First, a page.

//Be humane to refugees from Sri Lanka: PUCL

Be humane to refugees from Sri Lanka: PUCL

Ongoing war a human rights violation: K.G. Kannabiran

Coimbatore: The Tamil Nadu Government should deal with the refugees from Sri Lanka who are fleeing the war there with humaneness, K.G. Kannabiran, national president of the People's Union of Civil Liberties (PUCL), told presspersons here on Wednesday.

Besides providing security, it was for the State Government to provide security and resources to refugees. Irrespective of whether it was the Liberation Tigers of Tamil Eelam (LTTE) or the Sri Lankan Army that was on the offensive, the ongoing war was a human rights violation. This affected India, especially Tamil Nadu.

Mr. Kannabiran called for a permanent ceasefire in the island nation for the next five years. The peace process could be taken up during this period, he suggested. Recalling the campaign carried out by the PUCL under the leadership of retired Supreme Court Judge V.R. Krishna Iyer in 1977, Mr. Kannabiran exhorted senior citizens, writers and social activists to start a campaign to draw the attention of the international community to the rights violations in the name of war.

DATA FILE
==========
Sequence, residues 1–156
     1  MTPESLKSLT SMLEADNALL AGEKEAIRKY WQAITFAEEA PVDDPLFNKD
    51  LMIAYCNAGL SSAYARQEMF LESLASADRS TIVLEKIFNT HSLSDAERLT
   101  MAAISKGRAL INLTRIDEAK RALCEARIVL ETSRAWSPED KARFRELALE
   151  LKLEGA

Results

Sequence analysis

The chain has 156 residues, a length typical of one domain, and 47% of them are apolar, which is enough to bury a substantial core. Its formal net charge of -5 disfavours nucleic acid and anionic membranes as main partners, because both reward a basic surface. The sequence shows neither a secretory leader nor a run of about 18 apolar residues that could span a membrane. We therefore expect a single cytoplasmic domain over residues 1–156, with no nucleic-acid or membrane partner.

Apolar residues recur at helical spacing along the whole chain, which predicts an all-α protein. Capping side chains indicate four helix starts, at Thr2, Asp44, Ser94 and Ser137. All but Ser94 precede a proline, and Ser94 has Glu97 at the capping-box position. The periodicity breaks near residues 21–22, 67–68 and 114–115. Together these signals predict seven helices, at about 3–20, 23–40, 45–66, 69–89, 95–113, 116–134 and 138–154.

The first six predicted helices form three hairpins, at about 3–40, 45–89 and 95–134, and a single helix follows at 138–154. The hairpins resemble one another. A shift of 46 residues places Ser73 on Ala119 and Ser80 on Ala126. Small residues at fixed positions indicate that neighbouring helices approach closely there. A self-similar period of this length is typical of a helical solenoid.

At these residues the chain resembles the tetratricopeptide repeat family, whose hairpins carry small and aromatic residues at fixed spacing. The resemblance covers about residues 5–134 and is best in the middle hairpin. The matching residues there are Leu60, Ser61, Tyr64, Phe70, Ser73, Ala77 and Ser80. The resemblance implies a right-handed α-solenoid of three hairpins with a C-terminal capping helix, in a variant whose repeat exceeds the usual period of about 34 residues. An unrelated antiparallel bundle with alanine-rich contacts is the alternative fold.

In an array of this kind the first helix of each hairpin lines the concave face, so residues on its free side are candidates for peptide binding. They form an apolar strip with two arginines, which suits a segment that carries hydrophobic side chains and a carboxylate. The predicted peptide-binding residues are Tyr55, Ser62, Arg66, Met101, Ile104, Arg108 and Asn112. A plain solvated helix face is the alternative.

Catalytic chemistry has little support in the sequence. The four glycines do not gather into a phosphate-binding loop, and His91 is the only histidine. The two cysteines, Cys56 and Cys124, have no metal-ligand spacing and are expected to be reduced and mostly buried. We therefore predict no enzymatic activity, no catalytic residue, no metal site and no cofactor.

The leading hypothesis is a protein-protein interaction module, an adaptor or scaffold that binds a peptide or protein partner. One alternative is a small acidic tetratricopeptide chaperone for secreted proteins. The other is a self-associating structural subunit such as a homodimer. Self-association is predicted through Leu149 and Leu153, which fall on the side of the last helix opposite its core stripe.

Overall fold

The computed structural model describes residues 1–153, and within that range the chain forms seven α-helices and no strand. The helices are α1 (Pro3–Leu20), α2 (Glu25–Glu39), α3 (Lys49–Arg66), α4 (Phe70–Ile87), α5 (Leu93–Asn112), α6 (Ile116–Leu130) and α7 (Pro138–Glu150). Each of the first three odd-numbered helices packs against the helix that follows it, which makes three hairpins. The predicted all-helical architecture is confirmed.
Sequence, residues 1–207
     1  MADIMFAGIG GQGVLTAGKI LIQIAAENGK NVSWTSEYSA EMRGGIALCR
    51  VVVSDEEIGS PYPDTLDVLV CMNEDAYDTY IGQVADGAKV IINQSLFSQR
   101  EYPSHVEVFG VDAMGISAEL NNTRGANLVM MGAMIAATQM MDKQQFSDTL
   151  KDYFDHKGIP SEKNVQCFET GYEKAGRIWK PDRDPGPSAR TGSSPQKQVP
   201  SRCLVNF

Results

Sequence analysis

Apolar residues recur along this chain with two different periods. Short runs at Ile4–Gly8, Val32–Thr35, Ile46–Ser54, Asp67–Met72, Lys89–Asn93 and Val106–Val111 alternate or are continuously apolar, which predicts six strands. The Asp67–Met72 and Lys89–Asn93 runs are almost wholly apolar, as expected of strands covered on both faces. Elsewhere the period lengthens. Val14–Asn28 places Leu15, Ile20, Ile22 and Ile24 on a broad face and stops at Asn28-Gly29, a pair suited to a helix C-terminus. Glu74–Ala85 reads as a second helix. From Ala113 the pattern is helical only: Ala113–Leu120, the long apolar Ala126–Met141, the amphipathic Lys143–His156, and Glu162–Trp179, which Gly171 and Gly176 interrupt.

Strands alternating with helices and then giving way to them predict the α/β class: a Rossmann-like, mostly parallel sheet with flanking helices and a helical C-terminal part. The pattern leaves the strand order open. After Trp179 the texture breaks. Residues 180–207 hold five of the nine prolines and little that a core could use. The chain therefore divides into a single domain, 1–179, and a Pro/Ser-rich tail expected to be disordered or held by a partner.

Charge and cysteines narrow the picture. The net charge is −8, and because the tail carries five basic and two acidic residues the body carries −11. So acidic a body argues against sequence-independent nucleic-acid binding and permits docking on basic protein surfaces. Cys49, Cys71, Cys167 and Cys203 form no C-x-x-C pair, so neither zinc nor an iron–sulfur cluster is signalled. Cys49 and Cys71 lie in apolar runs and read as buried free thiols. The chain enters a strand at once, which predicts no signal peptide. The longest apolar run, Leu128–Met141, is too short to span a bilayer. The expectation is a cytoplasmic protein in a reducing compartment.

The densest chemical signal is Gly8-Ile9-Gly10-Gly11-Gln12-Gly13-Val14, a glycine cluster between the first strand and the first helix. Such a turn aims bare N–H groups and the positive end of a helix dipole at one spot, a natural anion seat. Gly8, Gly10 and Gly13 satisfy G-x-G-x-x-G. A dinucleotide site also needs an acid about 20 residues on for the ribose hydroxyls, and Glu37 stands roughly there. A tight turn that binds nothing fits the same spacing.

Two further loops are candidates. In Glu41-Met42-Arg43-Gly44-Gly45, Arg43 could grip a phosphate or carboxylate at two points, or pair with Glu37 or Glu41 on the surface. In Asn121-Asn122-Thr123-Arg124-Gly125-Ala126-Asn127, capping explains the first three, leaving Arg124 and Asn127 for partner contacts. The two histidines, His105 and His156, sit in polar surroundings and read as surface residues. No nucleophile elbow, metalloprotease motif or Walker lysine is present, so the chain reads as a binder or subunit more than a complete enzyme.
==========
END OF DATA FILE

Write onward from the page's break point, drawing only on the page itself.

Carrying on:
Mr. Kannabiran and the secretary of the State unit of the PUCL, S. Balamurugan, urged the Government to re-introduce the two per cent reservation in professional colleges for the children of refugees. According to them, reservation had been denied in the last three years.

The Tamil Nadu Government should withdraw all cases under the Prevention of Terrorism Act (including the case against 26 people arrested in Dharmapuri on charges of naxalism), Mr. Kannabiran said.

He urged the Government to reintroduce remission for those who had completed more than 10 years of imprisonment.

He demanded compensation to over 190 petitioners who sought relief from the Justice Sadasivam Commission of Inquiry. It was formed to probe charges of excesses by the STF to set up to nab the forest brigand Veerappan. The Commission had now awarded compensation to 98 people.